"Mass," though, may be a little too strong. Ten couples tied the knot at the Dallas event. An Austin news outlet reported "more than a dozen" same-sex "marriages" were performed there. This is not exactly a movement, maybe just a small protest. And, none of these "marriages" are legal. Texans amended their constitution in 2005 to define marriage as between one man and one woman.
We have to wonder, are there really masses of same-sex couples wishing they could legally marry in the 44 states where it's illegal? New census data sheds some light on the fact that the movement is more about somebody's agenda than it is about loads of people who want to commit themselves to lives of marital monogamy with someone of the same gender.
My colleague Kerby Anderson points out that, in August, it was announced that the 2010 census counted one million same-sex households. Then, the census bureau discovered an inconsistency and reduced that figure to 650,000 same-sex couples. It was also found that, of that number, only 131,729 couples were "married." The others were cohabiting. Same sex marriage is legal in six states and the District of Columbia. So, for 131,729 couples thus far, gay activists are attempting to change the definition of marriage.
And, now they're using the military to do it. The law prohibiting open homosexuals from serving in the military was repealed in the lame duck session of Congress late last year. It had to be done then, before a more conservative Congress convened, or it would not have happened. There were rumblings in the run-up to the Sept. 20 official repeal on Don't Ask, Don't Tell that the Pentagon might allow same-sex weddings on military bases in states where it's legal. So, the House passed legislation banning that and also passed a military Defense of Marriage Act, defining marriage the traditional way.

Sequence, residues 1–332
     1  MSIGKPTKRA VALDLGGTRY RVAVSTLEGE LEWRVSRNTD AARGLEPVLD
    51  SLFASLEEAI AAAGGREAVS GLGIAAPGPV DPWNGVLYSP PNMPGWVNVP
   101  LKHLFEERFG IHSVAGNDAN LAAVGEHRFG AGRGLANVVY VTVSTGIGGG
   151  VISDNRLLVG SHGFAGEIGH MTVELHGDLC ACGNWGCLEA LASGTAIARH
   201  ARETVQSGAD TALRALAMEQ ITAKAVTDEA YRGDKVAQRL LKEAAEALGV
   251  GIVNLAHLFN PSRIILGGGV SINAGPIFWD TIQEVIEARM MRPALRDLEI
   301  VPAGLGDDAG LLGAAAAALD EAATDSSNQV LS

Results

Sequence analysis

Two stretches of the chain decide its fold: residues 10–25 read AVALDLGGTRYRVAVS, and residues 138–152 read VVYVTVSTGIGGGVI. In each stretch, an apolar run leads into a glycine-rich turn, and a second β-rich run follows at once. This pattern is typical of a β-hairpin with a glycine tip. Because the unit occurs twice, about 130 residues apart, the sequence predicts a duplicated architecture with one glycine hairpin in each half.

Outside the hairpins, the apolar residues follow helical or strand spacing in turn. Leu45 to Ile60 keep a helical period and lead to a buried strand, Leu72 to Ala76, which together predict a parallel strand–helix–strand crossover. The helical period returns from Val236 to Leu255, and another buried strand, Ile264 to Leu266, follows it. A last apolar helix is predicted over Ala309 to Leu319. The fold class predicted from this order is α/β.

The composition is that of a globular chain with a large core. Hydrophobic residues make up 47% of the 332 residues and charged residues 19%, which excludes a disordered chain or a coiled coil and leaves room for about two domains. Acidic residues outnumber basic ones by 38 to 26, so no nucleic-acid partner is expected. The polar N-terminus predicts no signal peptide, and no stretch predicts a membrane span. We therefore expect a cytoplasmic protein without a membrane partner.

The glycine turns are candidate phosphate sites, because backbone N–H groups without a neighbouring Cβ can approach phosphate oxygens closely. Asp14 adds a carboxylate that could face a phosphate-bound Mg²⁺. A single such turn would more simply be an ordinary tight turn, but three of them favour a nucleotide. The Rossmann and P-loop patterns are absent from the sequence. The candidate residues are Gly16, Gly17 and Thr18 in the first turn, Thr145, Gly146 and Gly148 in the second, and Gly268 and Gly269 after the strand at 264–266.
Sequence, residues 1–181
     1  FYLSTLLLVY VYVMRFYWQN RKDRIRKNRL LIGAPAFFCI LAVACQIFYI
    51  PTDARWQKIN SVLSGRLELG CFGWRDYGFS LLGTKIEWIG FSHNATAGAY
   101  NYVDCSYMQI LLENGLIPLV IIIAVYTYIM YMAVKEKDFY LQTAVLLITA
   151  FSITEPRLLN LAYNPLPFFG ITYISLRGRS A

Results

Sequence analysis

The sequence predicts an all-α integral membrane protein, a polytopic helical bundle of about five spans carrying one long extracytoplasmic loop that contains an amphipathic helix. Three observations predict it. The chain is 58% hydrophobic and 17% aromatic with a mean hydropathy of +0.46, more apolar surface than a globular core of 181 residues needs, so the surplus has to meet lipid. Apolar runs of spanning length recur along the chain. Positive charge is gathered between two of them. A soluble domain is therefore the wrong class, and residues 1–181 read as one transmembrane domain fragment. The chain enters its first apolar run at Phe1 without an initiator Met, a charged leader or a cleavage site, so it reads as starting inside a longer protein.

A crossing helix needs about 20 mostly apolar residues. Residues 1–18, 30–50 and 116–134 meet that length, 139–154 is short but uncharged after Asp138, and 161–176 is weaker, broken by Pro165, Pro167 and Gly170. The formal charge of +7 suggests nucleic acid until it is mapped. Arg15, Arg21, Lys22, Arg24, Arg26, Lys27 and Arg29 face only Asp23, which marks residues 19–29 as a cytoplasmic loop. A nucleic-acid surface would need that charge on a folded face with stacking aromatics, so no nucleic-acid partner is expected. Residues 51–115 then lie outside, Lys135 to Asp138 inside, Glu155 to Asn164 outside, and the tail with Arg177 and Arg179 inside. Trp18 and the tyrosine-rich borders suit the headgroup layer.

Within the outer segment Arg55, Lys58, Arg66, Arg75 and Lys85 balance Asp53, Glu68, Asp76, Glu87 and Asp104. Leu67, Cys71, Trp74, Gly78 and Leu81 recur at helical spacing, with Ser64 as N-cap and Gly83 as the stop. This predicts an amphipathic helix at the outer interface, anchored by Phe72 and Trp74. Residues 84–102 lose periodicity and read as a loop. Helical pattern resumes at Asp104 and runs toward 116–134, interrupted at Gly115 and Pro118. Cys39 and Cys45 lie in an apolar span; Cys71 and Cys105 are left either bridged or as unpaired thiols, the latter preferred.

But 10 days after the military's official opening to full and open homosexual practice, the Pentagon issued two memos. One said that same-sex "marriages" may be conducted on military bases by military chaplains in states where such ceremonies would be legal. The other says military chaplains may also conduct same-sex weddings off base. This places chaplains and other personnel in the armed services in a bind as they stand for biblical truth in an increasingly PC military.
Penna Dexter is a conservative activist and frequent panelist on the "Point of View" syndicated radio program. Her weekly commentaries air on the Bott and Moody radio networks.
Copyright (c) 2011 Southern Baptist Convention, Baptist Press www.BPNews.net